The Devil’s Porridge

The-Devils-Porridge-MuseumLast year one of the book launches I attended was for thriller writer Matt Hilton’s collection of short stories, The Demon Drink and the Devil’s Porridge. Set against a backdrop of the so-called State Management System (a kind of mini-Prohibition) in Carlisle, the stories are fun and entertaining – and the history of this particular period is fascinating, too.

Basically the State Management System (SMS) was set up during the first world war to prevent hordes of workers from the nearby munitions factory at Gretna Green from descending on Carlisle’s pubs and drinking them dry. As you might expect, the combination of alchohol and explosives (mostly nitroglycerine – the Devil’s Porridge of the title) isn’t a healthy one and the authorities were alarmed enough to step in, introducing restrictions on the number of pubs and the amount of booze sold, and having nice cosy games like bowls to try to gentrify the whole process of drinking.

Rather remarkably, it seems to have worked. Even more remarkably, it lasted until as recently as 1973. And now there’s a museum at Gretna Green, called The Devil’s Porridge Museum, which celebrates the munitions factory, the people who worked there, and the SMS itself.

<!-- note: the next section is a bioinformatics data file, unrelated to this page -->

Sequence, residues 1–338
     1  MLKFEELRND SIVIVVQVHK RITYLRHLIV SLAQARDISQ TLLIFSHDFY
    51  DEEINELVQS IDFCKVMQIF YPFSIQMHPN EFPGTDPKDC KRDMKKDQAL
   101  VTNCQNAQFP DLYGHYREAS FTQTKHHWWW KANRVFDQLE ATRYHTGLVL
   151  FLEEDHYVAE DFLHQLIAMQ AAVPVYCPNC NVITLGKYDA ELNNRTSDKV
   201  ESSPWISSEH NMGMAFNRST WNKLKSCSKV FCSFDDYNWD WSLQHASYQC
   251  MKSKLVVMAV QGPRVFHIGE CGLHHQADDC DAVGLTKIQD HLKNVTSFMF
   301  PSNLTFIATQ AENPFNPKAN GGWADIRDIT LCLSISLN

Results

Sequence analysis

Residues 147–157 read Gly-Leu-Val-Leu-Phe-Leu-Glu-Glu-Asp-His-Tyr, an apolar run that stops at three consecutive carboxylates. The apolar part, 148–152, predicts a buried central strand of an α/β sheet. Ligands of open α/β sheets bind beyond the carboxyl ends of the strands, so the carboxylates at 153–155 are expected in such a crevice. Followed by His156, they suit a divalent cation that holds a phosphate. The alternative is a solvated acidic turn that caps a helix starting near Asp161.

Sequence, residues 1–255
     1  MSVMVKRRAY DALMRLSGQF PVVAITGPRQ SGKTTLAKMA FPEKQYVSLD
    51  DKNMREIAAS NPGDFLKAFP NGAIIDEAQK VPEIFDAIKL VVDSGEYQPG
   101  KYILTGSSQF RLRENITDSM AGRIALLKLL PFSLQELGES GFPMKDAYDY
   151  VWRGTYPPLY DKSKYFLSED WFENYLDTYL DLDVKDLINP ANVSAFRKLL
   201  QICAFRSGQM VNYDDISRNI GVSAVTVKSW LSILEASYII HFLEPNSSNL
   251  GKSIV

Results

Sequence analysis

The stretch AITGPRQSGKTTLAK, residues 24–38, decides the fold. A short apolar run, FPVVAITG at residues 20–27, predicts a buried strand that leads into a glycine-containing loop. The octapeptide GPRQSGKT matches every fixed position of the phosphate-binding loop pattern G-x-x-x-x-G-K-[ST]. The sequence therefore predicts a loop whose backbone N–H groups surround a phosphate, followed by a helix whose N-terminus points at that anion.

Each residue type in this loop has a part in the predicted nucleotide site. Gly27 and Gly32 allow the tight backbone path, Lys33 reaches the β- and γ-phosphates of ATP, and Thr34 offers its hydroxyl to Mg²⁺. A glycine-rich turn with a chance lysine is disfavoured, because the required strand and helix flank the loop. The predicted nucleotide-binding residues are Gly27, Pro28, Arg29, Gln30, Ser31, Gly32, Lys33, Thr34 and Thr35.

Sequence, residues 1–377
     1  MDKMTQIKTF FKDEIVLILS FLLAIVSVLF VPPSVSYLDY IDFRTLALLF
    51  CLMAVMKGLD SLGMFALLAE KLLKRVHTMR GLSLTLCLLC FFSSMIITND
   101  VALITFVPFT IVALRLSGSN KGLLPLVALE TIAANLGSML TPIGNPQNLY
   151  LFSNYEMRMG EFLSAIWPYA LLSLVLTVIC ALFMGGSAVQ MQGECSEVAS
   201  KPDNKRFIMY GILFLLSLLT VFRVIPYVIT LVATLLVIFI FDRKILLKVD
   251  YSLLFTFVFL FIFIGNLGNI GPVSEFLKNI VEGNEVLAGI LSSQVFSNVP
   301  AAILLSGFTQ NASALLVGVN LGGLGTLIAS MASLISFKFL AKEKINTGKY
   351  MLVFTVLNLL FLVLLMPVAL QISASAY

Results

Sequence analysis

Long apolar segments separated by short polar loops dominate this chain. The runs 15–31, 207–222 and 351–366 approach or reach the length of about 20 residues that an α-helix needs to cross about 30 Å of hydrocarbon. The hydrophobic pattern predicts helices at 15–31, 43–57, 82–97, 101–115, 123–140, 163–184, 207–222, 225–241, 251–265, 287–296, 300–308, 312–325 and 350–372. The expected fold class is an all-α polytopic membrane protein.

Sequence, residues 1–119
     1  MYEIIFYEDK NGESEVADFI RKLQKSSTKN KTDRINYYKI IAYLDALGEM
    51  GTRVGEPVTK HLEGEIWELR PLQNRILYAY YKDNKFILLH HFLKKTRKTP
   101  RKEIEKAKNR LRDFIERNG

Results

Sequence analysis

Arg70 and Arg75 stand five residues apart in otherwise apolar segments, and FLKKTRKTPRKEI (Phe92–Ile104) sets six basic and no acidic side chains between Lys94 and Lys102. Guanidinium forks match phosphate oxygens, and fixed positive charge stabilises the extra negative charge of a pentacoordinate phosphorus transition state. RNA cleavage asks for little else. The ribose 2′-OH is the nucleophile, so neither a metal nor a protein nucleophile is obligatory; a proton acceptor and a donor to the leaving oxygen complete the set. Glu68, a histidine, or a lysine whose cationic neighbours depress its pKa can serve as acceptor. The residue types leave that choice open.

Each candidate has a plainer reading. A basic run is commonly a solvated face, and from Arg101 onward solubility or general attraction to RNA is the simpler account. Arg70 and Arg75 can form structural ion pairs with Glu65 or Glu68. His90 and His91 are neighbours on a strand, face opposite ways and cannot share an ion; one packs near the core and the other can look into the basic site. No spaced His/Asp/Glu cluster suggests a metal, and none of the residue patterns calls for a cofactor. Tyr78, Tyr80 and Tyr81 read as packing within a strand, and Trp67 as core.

It sounds absolutely fascinating, and if it had been open we might well have called in during our trip to Gretna at the weekend. Annoyingly,  it had just closed for its winter break and won’t be open again until mid-January. But we’ve made a note, picked up a leaflet, and will definitely visit next time we’re in the area. It would be a shame to miss this!

Elephants galore

Anyone who’s read the ‘trivia’ on my webpage will know that I have a thing about elephants.  I love trying to squeeze new references to our trunked companions into my longer works (there isn’t much space for an elephant in most of my short stories).

So I was amused to find a plethora of the beasties on our recent holiday – in fact, they seemed to crop up everywhere we went!  First there was the elephant-shaped headland on the coast.  Then the complete fossilised elephant skeleton, dug out of the local strata, in a museum (and lots of cute cuddly elephants in the shop – it’s something of a local hero, apparently).  And then when we went to a nearby National Trust property, I’m blowed if one of the previous owners hadn’t put together an entire collection of elephant ornaments, of all shapes and sizes.

It’s amazing where mighty, four-footed ruminants can turn up…